When our facility was built, the city required a boardwalk for pedestrians and public use. We maintain the boardwalk to this day, and the public frequently enjoys it.
JFK & NASA
A fun fact about our Kendall facility is its connection to John F. Kennedy (JFK) and NASA. In the early 1960s, JFK, originally from Cambridge, set the ambitious goal of going to the moon. He famously stated, “We choose to go to the moon in this decade and do the other things, not because they are easy, but because they are hard.”
And so, to achieve his goal, he needed to develop a space authority known today as NASA. In 1964, Kendall Square became home to NASA’s Electronics Research Center (ERC) to support NASA’s electronics research during the Apollo era and served as a graduate and post-graduate training center.
The ERC needed power, and our Kendall facility was the perfect location to house all the materials necessary to accommodate NASA’s Kendall Square operations.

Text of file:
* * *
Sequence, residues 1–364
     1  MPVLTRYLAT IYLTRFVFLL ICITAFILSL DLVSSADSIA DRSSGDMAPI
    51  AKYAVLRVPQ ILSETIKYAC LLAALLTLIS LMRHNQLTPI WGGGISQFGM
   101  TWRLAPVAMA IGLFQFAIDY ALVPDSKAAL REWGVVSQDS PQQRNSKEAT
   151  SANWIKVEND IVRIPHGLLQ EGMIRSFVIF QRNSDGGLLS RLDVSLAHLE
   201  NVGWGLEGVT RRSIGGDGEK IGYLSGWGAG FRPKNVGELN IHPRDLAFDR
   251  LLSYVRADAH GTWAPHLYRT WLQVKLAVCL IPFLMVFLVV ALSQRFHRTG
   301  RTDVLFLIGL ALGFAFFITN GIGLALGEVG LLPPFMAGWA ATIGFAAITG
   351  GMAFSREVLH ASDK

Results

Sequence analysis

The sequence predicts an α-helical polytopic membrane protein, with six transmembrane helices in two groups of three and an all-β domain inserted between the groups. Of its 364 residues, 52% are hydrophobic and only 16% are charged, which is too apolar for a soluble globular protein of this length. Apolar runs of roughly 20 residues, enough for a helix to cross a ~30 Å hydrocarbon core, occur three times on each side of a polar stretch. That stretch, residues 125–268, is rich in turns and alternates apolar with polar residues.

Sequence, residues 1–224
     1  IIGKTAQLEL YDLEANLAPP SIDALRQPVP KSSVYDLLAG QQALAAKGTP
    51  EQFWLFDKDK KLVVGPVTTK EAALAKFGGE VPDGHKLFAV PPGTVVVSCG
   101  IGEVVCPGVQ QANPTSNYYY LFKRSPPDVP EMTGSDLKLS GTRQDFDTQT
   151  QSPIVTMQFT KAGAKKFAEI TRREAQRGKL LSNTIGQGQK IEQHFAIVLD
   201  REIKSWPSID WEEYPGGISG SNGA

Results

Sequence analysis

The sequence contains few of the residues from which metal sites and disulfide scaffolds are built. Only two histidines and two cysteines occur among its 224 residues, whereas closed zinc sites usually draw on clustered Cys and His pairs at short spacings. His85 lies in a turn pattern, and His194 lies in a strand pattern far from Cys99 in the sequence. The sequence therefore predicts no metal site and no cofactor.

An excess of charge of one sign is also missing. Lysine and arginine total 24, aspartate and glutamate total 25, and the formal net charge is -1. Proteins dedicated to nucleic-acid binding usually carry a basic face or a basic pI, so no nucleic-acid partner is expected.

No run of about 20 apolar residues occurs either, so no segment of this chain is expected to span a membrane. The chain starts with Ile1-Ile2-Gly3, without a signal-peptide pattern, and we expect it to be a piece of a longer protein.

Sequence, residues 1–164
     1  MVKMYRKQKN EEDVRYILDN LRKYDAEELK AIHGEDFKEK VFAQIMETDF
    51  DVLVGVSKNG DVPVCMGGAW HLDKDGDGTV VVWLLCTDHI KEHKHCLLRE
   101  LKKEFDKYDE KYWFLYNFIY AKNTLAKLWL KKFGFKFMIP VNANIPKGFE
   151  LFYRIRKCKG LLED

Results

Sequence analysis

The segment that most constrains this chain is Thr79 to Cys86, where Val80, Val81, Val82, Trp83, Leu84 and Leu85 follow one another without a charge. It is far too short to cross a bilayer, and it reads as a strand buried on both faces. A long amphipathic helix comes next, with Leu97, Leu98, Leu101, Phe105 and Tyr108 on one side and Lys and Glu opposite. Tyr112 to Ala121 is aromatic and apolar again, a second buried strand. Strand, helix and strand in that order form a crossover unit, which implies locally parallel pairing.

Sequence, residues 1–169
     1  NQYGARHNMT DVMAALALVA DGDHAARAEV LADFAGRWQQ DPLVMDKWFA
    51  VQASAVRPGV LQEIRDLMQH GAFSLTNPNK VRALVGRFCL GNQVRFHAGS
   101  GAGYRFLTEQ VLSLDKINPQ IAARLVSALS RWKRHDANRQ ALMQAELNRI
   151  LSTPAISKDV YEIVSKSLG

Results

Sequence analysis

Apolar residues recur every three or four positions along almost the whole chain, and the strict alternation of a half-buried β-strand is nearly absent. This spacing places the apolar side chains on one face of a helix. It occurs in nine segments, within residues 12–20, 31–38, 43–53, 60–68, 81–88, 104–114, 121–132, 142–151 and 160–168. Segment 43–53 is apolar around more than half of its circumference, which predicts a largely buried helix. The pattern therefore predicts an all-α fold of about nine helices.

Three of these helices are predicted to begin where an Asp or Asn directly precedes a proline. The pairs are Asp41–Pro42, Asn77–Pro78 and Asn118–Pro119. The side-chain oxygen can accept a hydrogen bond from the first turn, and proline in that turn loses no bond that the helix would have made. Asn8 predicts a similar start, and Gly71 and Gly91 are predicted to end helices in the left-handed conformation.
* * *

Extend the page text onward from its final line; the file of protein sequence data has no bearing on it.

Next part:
Vicinity aquires Kendall Station
In 2013, the Lechmere Viaduct Steam Line doubled its green steam capacity to serve Boston, making Kendall Station’s combined heat and power the main source of thermal district energy in the city. The following year, Vicinity officially acquired Kendall Station with partner I-Squared and began investing in the system’s longevity and reliability for customers.
Vicinity has since remained committed to improving the facility to meet the growing needs of Boston and Cambridge while opting to use the greenest technologies available. From 2015 to 2018, Vicinity upgraded the water treatment system, converted the system to dual fuel, and installed a new back-pressure steam turbine and an air-cooled condenser to eliminate heat discharge to the river. We made an $8 million investment to double the plant’s water makeup capacity and installed a system to utilize 100% Charles River water for purification purposes.
Vicinity additionally replaced the air intake system for the GE 7FA Gas Turbine and upgraded the turbine to the latest technology to maximize efficiency. In 2021, Vicinity implemented biogenic fuels derived from waste vegetable oil and fats discarded by the food service industry. Biofuels are significantly cleaner than gasoline and fully biodegradable, so this change resulted in fewer greenhouse gas emissions and improved local air and water quality.